My heart became hot within me. As I mused, the fire burned; then I spoke with my tongue: "O Lord, make me know my end and what is the measure of my days; let me know how fleeting I am!"

13 October 2005


Sorry I haven't written anything all week. I have two excuses. The first is that the internet at church is down, and while I could post at home, I generally like to do whatever blog-writing I do in the late afternoons at church.

Second, I had such a hard time getting my sermon finished last week that I've really been hitting the books hard this week.


I had a great moment yesterday. Whilst studying Ephesians 2:1-10 for Bible study last night, I was meditating on verse six: [God] raised us up with him and seated us with him in the heavenly places in Christ Jesus...I was thinking about the already-and-not-yet of being seated with Christ in heaven, pondering what that meant for life today and tomorrow.

And according to providence, it just so happened that I was listening to some of the worship from the last RP International Conference. There I was, listening to 2500 people sing God's songs (the Psalms), slowly turning up the volume until the pastor upstairs (the most senior pastor) must have wondered what was going on, reveling in the sheer glory of so many voices joined together to praise God. "This is what it means," I thought, "to be seated in the heavenlies." It means I'm not where I am, that where my final home is, where my Savior is, I'm not. The place I'm most at home in this world, then, is when I'm worshipping with God's children. This is the part of world-life that most closely touches and best approximates what being eternally "seated in the heavenly places" is like.

Part of the reason for this not-so-astounding revelation was hearing so many voices singing the Psalms. I don't often take time in this blog to encourage hymnists to sing the Lord's songs, but let me say that you don't know what you're missing. John's Revelation has several heart-rending pictures of what heaven will be like, when the countless multitude joins together to worship the Lamb standing as one slain. And they will sing a new song (Rev. 5:9); not new as in "never been sung before" but new as in "the fulfillment of every heart changed by God."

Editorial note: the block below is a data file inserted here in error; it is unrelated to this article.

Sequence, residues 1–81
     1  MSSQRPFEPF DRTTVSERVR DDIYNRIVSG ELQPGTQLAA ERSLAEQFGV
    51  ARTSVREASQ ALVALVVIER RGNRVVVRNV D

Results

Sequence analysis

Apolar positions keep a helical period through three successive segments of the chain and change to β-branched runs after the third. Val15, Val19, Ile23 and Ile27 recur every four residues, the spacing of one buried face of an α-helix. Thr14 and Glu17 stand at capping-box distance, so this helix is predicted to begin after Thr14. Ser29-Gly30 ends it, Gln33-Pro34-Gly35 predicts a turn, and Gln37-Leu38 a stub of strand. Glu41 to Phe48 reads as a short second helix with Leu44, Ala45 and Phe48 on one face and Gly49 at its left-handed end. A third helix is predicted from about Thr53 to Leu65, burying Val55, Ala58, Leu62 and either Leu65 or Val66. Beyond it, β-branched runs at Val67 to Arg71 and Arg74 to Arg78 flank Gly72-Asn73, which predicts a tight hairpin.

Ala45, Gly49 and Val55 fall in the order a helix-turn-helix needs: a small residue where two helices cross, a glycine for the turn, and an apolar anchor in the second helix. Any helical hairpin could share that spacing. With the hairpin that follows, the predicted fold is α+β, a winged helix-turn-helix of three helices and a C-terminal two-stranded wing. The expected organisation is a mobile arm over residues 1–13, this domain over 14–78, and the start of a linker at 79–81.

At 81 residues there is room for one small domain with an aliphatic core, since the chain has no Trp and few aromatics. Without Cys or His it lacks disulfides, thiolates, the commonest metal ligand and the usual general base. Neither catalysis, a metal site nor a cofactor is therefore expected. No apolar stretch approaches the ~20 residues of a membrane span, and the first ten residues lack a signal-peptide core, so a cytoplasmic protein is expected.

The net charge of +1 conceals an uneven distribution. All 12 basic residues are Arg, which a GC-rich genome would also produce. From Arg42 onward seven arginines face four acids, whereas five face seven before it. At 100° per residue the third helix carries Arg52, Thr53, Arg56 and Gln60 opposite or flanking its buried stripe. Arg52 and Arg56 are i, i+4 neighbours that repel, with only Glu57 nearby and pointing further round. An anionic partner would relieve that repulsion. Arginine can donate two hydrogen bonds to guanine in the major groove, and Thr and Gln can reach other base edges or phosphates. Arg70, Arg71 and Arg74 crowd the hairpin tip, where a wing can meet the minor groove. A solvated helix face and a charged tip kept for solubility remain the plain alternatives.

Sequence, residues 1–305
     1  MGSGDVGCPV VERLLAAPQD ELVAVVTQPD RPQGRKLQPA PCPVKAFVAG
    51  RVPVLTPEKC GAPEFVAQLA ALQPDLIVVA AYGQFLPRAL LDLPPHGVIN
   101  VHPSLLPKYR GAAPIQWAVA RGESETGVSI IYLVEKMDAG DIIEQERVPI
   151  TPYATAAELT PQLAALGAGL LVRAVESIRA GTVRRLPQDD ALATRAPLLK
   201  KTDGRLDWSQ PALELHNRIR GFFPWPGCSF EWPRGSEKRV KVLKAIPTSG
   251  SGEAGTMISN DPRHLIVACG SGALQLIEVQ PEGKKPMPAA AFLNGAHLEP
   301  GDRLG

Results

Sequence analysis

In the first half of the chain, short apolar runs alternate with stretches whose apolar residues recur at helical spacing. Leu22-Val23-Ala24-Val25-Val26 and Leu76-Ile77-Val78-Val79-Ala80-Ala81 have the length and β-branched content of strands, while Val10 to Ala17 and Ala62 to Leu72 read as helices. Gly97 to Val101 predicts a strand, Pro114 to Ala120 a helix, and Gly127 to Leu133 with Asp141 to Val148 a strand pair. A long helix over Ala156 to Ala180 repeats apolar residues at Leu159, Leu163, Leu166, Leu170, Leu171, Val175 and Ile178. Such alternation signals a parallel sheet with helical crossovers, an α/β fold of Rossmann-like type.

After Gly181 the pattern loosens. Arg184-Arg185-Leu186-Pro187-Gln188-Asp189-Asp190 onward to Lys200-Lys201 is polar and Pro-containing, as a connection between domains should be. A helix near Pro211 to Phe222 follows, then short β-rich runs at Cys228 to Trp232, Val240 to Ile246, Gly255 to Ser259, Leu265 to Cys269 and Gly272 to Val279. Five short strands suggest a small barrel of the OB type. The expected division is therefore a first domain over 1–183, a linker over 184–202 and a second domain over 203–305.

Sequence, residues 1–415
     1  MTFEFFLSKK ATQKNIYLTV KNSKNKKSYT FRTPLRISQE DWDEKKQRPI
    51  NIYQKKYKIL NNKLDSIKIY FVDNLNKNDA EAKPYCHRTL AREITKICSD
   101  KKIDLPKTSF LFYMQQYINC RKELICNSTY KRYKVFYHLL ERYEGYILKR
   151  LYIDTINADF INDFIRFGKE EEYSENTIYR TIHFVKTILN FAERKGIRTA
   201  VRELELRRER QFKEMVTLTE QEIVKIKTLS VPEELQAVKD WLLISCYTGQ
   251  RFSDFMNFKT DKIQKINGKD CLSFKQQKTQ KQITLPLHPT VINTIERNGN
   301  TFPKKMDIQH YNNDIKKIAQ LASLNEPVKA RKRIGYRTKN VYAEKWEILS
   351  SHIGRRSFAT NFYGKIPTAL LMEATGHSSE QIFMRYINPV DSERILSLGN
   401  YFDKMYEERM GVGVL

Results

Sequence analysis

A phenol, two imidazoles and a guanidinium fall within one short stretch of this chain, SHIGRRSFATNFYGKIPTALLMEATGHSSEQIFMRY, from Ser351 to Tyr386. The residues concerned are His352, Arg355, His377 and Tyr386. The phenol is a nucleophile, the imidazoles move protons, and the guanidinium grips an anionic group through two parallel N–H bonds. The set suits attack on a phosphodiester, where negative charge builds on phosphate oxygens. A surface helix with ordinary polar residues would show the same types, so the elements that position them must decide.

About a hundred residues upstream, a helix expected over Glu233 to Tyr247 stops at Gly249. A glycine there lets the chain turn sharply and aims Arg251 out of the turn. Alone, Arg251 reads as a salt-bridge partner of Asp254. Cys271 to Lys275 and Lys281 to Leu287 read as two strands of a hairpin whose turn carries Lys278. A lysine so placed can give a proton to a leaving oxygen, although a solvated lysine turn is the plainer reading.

(See Psalm 40:3, where David speaks of being given a new song by the Lord.) They're singing the Psalms, written by the inspiration of the Spirit; they might be singing new psalms, but until we get there and receive those new, inspired songs from the Spirit, we are called to stick with the 150 which God promised were sufficient for this life.

Yes, I believe the church is required by Scripture to sing only the Psalms in worship to God. But I also believe the church should only want to sing the Psalms in worship to God because they are the most heavenly songs we can sing. They are the songs of our homeland.


Sal_et_lucis said...

My fondest memory of last international conference was when I was given the privelige to lead those 2500 or so saints in the singing of a psalm or two. Talk about inspiring!! It was an experience one cannot forget. What will it be like in heaven when all of the saints, perfectly glorified, are singing the praises of God? Thanks for the reminder that we have a greater Home, for which we are to long.

Ellen Olivetti said...

I feel compelled to say that there are many, many serious reformed, evangelical Christians who have, after careful consideration, rejected the idea of exclusive psalmody.

I too thrill to hear throngs of voices lift the praises of God. But, I believe these praises are to include not only the psalms but great hymns of the faith, such as How Great Thou Art, Faith of Our Fathers, For All The Saints, Be Thou My Vision and countless others. I have yet to be convinced of exclusive psalmody, though I have listened to the arguments many times. I don't see the Scriptural proof; in fact, I see in Scripture many instances of people worshipping God with spiritual songs.

Just as you thrill to thousands of voices singing the psalms, I thrill to them singing How Great Thou Art. It is inconceivable to me that singing a hymn such as this could be a sin.

Hedda said...

I agree with Ellen and feel some songs are prayers put into song.